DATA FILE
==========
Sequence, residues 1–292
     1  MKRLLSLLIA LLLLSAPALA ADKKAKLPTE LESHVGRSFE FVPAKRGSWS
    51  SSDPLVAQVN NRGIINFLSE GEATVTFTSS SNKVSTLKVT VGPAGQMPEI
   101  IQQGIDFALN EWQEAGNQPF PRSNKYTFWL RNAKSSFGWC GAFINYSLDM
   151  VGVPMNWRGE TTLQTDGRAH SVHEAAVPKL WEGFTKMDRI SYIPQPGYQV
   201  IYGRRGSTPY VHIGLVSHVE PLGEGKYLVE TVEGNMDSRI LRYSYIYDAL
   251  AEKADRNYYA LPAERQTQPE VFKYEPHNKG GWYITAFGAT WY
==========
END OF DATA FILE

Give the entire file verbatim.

Sequence, residues 1–292
     1  MKRLLSLLIA LLLLSAPALA ADKKAKLPTE LESHVGRSFE FVPAKRGSWS
    51  SSDPLVAQVN NRGIINFLSE GEATVTFTSS SNKVSTLKVT VGPAGQMPEI
   101  IQQGIDFALN EWQEAGNQPF PRSNKYTFWL RNAKSSFGWC GAFINYSLDM
   151  VGVPMNWRGE TTLQTDGRAH SVHEAAVPKL WEGFTKMDRI SYIPQPGYQV
   201  IYGRRGSTPY VHIGLVSHVE PLGEGKYLVE TVEGNMDSRI LRYSYIYDAL
   251  AEKADRNYYA LPAERQTQPE VFKYEPHNKG GWYITAFGAT WY